As we talked about in the last blog, one of the perks of self-publishing is that I have creative control of my work. When I was envisioning what Perfect was going to become, one of the things that really excited me was the opportunity to communicate directly with my readers about what was going on behind the scenes of the books, especially in terms of why certain decisions were made. Here is your first sneak peek!
The books in the Perfect series are set in contemporary America. It's never specifically mentioned in any of the books which Olympiad they’re in, but in my mind, the 2016 Olympics in Rio have just happened a few months before Book One: Playing With Fire starts.
The reason I never really mention which Olympiad the books are in is because I'm not always factually accurate in terms of the locations of major competitions. For example, the first World Championships in Perfect are slated to be held in Paris. If we were in real life, the first World Championships after the 2016 Olympics were actually held in Montreal. To avoid confusion, I simply didn’t say which Olympiad we were in and let the readers draw their own conclusions.
One of the things that is going to be revealed very early in Book Two: Transitions is that the size of the Olympic teams is going to be increased back up to seven members. I did this for a number of reasons. First, I just really like larger teams. I think it gives a lot more variety to the competition and having smaller teams has made gymnastics not as much fun to watch. It’s always kind of bothered me that someone with a ton of talent and medal potential would be left home because there happened to be a handful of gymnasts who had a better day than she did. So in Perfect the format of the World Championships and the Olympics is a lot like it was back in the 1980s (with the exception of compulsories -- not bringing that back). Each team is composed of seven girls and the competition format is laid out below:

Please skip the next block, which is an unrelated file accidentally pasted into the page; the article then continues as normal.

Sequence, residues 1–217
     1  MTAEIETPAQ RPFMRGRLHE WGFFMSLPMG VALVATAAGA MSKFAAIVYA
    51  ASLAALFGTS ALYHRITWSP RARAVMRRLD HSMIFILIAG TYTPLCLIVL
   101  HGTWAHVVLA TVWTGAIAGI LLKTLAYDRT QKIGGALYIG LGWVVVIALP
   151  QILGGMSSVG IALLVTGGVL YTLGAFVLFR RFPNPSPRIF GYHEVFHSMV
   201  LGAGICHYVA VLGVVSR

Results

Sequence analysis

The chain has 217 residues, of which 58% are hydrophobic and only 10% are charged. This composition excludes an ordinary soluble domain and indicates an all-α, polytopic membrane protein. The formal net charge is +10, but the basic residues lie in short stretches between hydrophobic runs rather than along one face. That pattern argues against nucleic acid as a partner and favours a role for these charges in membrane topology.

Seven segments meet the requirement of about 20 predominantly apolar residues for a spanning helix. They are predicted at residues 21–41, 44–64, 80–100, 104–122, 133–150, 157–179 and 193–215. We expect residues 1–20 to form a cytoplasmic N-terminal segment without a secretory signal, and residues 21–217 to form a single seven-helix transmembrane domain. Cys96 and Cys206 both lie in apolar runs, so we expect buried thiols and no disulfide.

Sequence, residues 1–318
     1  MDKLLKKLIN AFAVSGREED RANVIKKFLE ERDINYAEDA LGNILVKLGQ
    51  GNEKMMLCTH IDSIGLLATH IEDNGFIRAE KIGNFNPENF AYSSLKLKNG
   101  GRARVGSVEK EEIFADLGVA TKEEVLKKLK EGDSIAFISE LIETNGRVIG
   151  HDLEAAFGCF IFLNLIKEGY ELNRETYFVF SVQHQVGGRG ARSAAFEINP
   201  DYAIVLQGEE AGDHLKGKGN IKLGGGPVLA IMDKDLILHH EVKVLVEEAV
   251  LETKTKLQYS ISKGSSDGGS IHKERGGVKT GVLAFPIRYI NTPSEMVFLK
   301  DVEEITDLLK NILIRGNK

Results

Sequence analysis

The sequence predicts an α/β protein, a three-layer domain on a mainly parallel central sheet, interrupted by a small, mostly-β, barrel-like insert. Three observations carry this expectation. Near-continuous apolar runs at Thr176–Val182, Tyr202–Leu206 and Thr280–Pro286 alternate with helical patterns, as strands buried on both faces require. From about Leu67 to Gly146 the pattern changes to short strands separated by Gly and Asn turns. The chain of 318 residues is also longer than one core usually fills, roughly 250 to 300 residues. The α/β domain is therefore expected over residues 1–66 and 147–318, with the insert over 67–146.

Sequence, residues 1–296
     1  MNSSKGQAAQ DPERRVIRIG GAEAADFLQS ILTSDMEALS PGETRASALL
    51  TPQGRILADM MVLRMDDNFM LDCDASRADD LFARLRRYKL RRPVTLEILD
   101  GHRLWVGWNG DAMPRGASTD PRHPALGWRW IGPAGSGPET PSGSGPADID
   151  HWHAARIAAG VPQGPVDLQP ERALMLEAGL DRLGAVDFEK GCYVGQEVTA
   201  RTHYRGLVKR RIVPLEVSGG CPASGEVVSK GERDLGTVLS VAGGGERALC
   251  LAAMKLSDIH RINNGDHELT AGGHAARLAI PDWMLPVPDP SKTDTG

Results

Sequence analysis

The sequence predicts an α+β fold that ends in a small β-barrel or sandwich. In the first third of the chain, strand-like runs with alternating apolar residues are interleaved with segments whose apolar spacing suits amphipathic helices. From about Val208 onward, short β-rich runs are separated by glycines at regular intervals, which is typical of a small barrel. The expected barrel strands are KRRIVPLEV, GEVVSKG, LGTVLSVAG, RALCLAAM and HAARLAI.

- Day 1: Prelims/Qualifications: Every gymnast who is entered competes for spots in the team, all-around, and event finals.
- Day 2: Team Final. Top twelve teams from prelims compete.
- Day 3: All-Around Final: Top 36 gymnasts from prelims compete.
- Days 4-5: Event Finals: Top 10 gymnasts on each event from prelims compete.
Another thing that I changed was that in Perfect, scores carry over from the preliminary round. In real life, no scores from the preliminary competition carry over to the team, all-around, or event finals. My main reason for doing this was to make the competition harder. As ZZ says in the second book, “Worlds and Olympics are the two biggest, most important competitions in gymnastics. They’re like the pinnacle of the sport. Everyone dreams of being World and Olympic Champion. It makes sense that they should be the hardest to win and not be contested every year.”
In keeping with the idea of that quote, the last thing I changed was that World Championships only happen every two years. So the Olympiad is divided like this:
- World Championships, Year One
- Pan American Games, Year Two
- World Championships, Year Three
- Olympic Games, Year Four
I hope you enjoyed reading about some of the choices I made with Perfect.